akronchildrens.org

Race car driver encourages children with diabetes to ‘live life without limits’

Ryan Reed

Just because you have diabetes doesn’t mean you can’t live life in the fast lane. Take a look at NASCAR driver Ryan Reed. Despite having type I diabetes, the 21 year old finished 9th in overall standings in the NASCAR XFINITY Series last year and scored his first win at this year’s Daytona International Speedway.

Make snack time fun while cutting the carbs

Popcorn can be a sensible snack. Pop some popcorn in an air popper or on the stove with a little oil. Sprinkle generously with Parmesan cheese. Salt to taste.

When the urge to snack strikes, many people reach for foods high in carbohydrates like chips or cookies. But you and your child with diabetes can enjoy a variety of appealing snacks that are low in carbs.

How to shift diabetes care responsibilities as your child matures

mother-talking-to-toddler-son

When your child is an infant or toddler, you must take complete responsibility for her diabetes care. As children mature, they can gradually handle more self-care. Here are general guidelines to follow for each stage of your child’s development.

National Diabetes Month: Join the campaign to stop diabetes

http://www.diabetesforecast.org/2012/oct/baking-with-sugar-substitutes-tips-and-recipes.html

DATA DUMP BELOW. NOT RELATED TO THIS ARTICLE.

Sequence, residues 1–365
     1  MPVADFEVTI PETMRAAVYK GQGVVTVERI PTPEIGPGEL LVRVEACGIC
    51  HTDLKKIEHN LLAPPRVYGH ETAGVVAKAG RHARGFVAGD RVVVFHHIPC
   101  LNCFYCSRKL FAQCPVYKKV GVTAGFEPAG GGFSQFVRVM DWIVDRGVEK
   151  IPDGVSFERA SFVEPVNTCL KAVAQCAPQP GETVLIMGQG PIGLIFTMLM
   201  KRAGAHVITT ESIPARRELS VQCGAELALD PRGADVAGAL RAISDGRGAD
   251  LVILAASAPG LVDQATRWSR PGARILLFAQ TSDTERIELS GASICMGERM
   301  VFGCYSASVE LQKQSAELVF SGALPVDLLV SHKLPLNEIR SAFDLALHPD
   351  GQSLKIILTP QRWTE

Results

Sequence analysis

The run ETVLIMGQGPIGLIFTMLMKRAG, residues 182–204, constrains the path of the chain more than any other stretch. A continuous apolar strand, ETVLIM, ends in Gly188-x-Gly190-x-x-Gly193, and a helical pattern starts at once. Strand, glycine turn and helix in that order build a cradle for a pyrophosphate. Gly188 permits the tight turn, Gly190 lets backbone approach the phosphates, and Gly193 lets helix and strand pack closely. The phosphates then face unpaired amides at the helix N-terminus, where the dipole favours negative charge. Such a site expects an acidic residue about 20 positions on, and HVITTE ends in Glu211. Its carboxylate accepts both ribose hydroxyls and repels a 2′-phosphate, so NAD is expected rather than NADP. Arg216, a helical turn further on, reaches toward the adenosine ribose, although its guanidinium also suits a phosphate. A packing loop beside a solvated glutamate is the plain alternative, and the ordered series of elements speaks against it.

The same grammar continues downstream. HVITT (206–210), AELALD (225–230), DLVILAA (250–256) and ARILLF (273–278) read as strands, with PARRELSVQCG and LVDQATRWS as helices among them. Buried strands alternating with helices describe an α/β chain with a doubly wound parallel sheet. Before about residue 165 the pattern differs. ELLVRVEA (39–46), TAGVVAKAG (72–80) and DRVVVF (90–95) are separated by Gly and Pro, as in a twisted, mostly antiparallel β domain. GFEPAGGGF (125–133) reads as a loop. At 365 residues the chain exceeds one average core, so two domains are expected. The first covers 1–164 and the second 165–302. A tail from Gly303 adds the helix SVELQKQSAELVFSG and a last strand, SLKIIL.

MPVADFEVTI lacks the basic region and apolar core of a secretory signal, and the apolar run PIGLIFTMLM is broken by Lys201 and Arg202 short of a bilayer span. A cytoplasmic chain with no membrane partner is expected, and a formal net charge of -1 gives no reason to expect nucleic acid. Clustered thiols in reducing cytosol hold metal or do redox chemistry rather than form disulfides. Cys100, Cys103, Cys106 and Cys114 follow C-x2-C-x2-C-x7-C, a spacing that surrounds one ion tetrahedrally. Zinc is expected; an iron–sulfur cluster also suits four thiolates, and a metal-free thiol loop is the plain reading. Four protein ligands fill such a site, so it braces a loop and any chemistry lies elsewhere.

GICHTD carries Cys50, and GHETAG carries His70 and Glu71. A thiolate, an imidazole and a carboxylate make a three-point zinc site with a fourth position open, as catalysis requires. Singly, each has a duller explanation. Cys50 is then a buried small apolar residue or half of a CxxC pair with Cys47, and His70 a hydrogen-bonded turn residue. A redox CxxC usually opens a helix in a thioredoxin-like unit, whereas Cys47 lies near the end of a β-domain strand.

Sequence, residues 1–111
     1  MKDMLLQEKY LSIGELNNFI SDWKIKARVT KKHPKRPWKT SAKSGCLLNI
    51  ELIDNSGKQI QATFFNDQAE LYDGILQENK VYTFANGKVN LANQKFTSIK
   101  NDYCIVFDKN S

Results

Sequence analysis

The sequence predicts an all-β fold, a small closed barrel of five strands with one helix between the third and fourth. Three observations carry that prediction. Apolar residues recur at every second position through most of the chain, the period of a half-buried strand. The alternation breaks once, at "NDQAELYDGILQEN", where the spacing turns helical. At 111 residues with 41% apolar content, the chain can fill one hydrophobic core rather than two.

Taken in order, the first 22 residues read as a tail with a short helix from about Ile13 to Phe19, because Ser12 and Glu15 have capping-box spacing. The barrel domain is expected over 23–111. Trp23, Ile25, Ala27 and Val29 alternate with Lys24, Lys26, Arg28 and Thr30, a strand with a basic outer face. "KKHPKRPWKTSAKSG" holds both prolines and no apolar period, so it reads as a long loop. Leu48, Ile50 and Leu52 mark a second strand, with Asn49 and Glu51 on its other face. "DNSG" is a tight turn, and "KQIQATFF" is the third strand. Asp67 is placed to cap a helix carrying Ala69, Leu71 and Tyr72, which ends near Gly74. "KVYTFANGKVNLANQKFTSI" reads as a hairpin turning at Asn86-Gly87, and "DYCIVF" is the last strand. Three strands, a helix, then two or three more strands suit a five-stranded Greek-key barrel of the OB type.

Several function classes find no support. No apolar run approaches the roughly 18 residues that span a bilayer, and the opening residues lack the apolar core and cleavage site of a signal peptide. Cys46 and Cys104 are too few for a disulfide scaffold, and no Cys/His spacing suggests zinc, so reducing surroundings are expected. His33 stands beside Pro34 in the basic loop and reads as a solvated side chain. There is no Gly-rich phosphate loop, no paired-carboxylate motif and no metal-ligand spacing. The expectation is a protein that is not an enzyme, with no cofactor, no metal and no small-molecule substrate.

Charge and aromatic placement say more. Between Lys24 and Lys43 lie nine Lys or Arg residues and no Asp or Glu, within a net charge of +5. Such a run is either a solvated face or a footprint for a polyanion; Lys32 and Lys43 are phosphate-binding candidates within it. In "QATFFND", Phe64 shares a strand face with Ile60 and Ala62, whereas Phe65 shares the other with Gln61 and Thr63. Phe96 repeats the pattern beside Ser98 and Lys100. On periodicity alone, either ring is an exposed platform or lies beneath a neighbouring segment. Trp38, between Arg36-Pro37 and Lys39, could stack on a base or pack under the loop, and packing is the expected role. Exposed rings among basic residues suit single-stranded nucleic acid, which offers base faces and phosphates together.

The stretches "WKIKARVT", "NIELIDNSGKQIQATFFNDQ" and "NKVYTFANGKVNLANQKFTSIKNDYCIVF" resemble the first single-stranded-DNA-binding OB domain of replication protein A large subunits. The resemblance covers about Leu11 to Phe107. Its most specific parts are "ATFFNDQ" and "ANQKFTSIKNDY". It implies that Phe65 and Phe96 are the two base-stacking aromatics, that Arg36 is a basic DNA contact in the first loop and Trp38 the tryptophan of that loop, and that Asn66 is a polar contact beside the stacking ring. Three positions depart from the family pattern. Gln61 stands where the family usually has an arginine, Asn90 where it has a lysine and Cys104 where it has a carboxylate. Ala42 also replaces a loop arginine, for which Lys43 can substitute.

Every parent wants the best for their children, and when a child has diabetes, parents find it can take a little effort to provide the best possible diet.

Kids and diabetes: What your child’s sitters and grandparents need to know

babysitting

Raising children is bound to be nerve-racking at times, and a diagnosis of diabetes can amp up a parent’s stress level. To relieve stress – for both you and your child – it’s important to sometimes rely on babysitters and grandparents. Here is basic information your child’s babysitters and grandparents should know:

A girl & her dog: This dynamic duo fights back against diabetes

2000-01-01-00.00.06

Like any person with type 1 diabetes, Brianna Carr experiences quick changes in her blood sugar levels. The otherwise healthy, active 12 year old has her parents, Brad and Heather, and her medical team to help monitor her illness. She also has Rosie, a yellow Labrador retriever trained to recognize and alert others whenever Brianna’s blood sugar becomes too high or too low.